LinuxQuestions.org

LinuxQuestions.org (/questions/)
-   Linux - Networking (http://www.linuxquestions.org/questions/linux-networking-3/)
-   -   Curlftpfs mounts FTP read-only (http://www.linuxquestions.org/questions/linux-networking-3/curlftpfs-mounts-ftp-read-only-778778/)

MichalKvacek 12-29-2009 06:23 PM

Curlftpfs mounts FTP read-only
 
Hallo,
I don't use Nautilus and its utility "Connect server", but I want to access FTP. Why not Nautilus and gvfs? I don't want have a lot of mess because of this simple purpose. After quite lot perused text and how-to I have chosen curlftpfs. Everything is fine, I can access files, touch them, delete them, but that's all. In additional, these actions work properly only in command line - when I try to use file manager (xfe), I get error message. I can't edit anything, copy or move files doesn't work also.

Connection from command line:
[michal@arch-linux ~]$ curlftpfs -o allow_other ftp://(ftp login):(password)@(ftp server) /mnt/ftp

I also added line into /etc/fstab
curlftpfs#(ftp login):(password)@(ftp server) /mnt/ftp fuse allow_other,rw,user,noauto 0 0

The result is still same - access without editing, copying etc.

Where is the problem? Am I doing something badly? Or the server is configured to reject curlftpfs requests (I don't know, if I have expressed well)? Or is there any other possibility to mount FTP as local file system (except gvfs and curlftpfs)? Thank you for any kind of help.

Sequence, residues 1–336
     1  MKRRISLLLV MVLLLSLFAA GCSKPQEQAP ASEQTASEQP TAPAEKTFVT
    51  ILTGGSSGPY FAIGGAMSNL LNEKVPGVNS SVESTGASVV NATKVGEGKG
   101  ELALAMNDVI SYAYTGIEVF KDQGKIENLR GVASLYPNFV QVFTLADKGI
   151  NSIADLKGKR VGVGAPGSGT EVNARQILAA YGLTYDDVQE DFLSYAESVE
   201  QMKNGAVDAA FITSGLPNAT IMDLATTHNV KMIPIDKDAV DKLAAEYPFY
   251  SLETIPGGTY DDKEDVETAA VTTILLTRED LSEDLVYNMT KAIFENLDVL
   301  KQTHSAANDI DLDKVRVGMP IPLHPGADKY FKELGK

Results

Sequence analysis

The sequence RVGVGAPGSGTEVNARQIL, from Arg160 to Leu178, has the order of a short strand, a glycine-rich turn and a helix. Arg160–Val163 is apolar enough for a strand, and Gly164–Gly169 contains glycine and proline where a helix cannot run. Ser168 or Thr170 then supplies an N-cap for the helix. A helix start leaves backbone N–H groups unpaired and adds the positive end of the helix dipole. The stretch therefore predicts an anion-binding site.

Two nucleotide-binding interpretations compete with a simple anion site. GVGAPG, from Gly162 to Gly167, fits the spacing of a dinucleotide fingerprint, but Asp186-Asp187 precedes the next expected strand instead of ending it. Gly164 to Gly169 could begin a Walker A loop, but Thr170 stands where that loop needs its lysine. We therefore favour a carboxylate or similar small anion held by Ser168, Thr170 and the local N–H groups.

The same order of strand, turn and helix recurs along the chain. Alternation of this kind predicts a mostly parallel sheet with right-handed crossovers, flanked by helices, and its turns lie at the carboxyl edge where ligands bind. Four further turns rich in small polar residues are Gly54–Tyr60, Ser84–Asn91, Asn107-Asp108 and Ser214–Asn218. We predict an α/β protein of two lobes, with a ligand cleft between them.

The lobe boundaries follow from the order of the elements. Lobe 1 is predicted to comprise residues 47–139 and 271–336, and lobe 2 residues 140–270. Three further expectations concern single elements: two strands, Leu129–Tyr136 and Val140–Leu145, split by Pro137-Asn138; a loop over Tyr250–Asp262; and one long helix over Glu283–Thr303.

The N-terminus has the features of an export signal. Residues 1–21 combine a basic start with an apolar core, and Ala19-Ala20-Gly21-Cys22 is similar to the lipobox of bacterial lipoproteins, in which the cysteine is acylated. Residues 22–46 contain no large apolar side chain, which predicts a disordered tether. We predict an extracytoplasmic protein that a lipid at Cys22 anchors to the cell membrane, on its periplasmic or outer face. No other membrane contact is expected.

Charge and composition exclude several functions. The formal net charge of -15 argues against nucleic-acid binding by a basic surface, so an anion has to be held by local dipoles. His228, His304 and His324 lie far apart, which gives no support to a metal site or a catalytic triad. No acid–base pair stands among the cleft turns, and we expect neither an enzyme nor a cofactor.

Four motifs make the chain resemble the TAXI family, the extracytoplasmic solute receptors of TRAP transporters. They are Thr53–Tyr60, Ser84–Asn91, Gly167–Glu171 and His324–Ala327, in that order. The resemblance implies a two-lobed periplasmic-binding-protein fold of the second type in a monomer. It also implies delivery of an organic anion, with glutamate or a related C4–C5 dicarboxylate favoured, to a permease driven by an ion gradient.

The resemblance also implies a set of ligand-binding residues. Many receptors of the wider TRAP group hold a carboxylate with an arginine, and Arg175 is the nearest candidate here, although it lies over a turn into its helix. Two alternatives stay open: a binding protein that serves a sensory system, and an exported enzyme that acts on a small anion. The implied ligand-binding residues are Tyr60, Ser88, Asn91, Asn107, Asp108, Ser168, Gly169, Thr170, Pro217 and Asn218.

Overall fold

sonichedgehog 01-01-2010 06:51 PM

I have waited before replying as don't know anything about curlftp, which I believe you are using to access a file system across the web. For this, I have previously used ftp, this is ideal for moving files in and out of remote servers. However I do mount file systems over my network. I use mainly ubuntu or debian, however the samba utility is afaik available to other distros.
Install samba and smbfs, share the folder on the remote host to which you need access from the smb.conf file on that host (let's say "public"), make a directory to which you can "map" the remote directory, let's call that "remotefiles" then add to fstab something like
Code:

//OTHERHOSTNAME/public  cifs  PATH.ON.YOUR.HOST/remotefiles  users,noauto
You will then mount it thus:
Code:

mount PATH.ON.YOUR.HOST/remotefiles
This needs root privileges on my system.

If the remote host is always on, you won't need noauto, users.

I have never tried to substitute an ip address outside my own network, but this may be worth researching further.

I know this is not an elegant solution, but I use it to get round the situation you are describing; I can see the shares on (windows) remote hosts but can never write to them unless I mount them as described above. I hope this helps you.

MichalKvacek 01-02-2010 05:18 PM

I agree this is not an elegant solution :)). The remote server is not mine - it is webhosting and I have no ssh access or anything like that - only ftp. But it doesn't matter, I have found another solution.
I needed mount ftp as local file-system only for developing. So I have installed xampp (preconfigured apache+mysql+php+some other features) and it seems it's running fine :).

However thank you for your reply, best regards, Michal Kváček


All times are GMT -5. The time now is 09:44 PM.